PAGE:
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If I Stay (2014) - DP: John de Borman

The high school romance film has been done a million times already, but somehow “If I Stay” manages to tell a completely refreshing and emotionally resonant story. To compliment that, de Borman’s images were also a new take on the genre. Most notably, his choice of Hawk V-Lite anamorphic lenses allowed us to experience an adolescent character drama as something much more refined. The relationships are mature, the stakes are legitimate, and the photography constantly reinforces that for us.

In the past, it seems that the use of anamorphics were reserved for epic movies only. As time wore on, they’ve come to be accepted for use in telling a wide range of stories. Robert Zemeckis remarked that his choice of anamorphics for “Forrest Gump” back in 1994 was considered pretty preposterous at the time since the entire movie was about the day-to-day drivel of a guy’s life (although admittedly Forrest did have some pretty exciting drivel).  Director Paul Thomas Anderson throughout the ‘90s and ‘00s shot almost all of his movies using anamorphics because for him those are lenses that provide a cinematic look. And it’s true that there’s something special about the relationship between anamorphics and the cinema. They’ve never had much of a presence in any other medium from photography to television and even documentary. Even if it’s a subconscious effect, it’s an unspoken communication between the cinematographer and the audience. From the beautiful distortions, flares, and bokeh of anamorphics, DP’s tell the viewers they are watching a movie. It’s another tool that’s becoming more commonplace in the telling of visual stories.

 de Borman's "Punk" look.

de Borman's "Punk" look.

Adopting these lenses from epic movies with grand themes into a character-driven plot hints to us that the film is going to be thematically complex. Those hints are then driven home with de Borman’s camerawork. He never lets the compositions drift into laziness or start to feel standard. The movie hinges on beauty. Most of the film stands as a discussion about the validity of abrasive punk rock given the meticulous nature of classical music. Who’s to say which one is more beautiful? De Borman does an amazing job of balancing that discussion by painting both genres in their best light. For the punk concerts he bathes them in a saturated green, and includes more hard light. All the while Adam still looks phenomenal at the top of his game. The camera movements are less polished, but there’s nothing wrong with that. They put us in the mindset of the punk rocker. For the classical music, the camera moves are smooth and methodical. The light is soft and elegant. Mia is photographed like a glamour model with beautiful, stark contrast. They’re markedly different, and yet, each one has its own merit; and at a glance it’s evident that they each have their own beauty.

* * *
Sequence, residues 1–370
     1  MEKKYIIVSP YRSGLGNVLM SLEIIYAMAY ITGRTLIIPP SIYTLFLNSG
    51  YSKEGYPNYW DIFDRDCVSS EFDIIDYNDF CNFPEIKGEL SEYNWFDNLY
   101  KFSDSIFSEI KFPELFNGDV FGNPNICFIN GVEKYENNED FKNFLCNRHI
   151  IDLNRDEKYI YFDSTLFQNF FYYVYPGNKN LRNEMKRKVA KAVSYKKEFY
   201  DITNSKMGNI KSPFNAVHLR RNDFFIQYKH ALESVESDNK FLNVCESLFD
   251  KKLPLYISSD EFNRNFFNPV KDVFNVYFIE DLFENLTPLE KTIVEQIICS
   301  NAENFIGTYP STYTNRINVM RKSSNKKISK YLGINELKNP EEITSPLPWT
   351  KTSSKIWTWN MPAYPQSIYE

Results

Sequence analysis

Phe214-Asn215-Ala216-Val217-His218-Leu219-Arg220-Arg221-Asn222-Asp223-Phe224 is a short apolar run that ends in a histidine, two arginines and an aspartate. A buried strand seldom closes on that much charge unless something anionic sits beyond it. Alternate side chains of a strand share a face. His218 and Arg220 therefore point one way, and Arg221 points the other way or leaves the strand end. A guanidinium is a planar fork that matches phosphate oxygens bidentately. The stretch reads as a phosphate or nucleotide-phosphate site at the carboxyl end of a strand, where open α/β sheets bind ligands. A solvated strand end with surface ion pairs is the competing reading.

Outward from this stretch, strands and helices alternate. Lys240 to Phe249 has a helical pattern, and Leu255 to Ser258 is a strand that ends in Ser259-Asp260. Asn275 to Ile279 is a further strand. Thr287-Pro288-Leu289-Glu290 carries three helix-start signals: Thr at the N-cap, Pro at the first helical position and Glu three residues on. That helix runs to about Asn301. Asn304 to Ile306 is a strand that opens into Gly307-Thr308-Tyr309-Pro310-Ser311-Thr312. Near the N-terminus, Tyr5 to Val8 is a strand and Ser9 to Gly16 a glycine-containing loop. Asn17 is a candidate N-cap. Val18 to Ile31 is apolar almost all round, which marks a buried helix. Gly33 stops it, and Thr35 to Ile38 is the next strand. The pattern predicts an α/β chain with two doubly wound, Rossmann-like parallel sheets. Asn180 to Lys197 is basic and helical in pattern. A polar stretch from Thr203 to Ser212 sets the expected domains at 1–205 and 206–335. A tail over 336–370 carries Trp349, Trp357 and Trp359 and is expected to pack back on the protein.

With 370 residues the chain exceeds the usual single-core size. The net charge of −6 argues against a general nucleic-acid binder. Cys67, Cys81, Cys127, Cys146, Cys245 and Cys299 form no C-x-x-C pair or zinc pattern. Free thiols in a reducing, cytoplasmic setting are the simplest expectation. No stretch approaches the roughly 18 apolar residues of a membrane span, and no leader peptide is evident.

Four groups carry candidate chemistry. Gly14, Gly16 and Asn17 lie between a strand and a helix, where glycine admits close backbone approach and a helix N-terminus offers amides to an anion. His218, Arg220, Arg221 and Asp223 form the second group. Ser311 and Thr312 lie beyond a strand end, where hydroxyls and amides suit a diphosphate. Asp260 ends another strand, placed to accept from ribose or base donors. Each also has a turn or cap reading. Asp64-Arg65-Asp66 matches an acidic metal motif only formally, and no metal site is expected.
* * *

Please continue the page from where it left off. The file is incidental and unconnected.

Chaotic steadicam shot after the car crash.

Chaotic steadicam shot after the car crash.

Most of the heaviest moments of the film take place chronologically after the car crash. The long steadicam shot depicting Mia’s first out of body experience immediately communicates the weight of the situation. The continued camera movement emphasizes how things have gone beyond her control. We see that in how her own coverage is moving faster than she is. She can barely keep up with her own shot never mind the fact that her whole family is dying off.

Overall, everything cinematographically comes off as a success in this film. It’s leagues better than what one would expect from a simple teenage romance and that’s just another testament to the great work that de Borman did for this film.


-Sheldon J.